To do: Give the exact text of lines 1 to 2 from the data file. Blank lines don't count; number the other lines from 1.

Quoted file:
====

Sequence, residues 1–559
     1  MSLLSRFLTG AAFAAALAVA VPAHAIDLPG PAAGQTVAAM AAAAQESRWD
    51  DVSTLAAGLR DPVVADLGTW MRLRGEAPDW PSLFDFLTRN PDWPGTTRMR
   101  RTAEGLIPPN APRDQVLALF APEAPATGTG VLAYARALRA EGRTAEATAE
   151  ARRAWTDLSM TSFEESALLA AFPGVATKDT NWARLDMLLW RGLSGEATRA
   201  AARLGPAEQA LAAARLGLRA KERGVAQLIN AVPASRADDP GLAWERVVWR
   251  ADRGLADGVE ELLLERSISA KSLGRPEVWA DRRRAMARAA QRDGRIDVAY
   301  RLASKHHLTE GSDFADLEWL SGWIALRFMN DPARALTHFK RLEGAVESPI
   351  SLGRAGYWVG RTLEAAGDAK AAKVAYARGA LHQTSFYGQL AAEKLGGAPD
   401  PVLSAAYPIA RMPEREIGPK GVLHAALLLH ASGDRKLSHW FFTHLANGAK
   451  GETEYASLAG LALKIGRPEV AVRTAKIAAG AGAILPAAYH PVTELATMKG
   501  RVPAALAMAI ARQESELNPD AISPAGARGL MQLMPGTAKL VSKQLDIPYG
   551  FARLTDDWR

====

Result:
Sequence, residues 1–559
     1  MSLLSRFLTG AAFAAALAVA VPAHAIDLPG PAAGQTVAAM AAAAQESRWD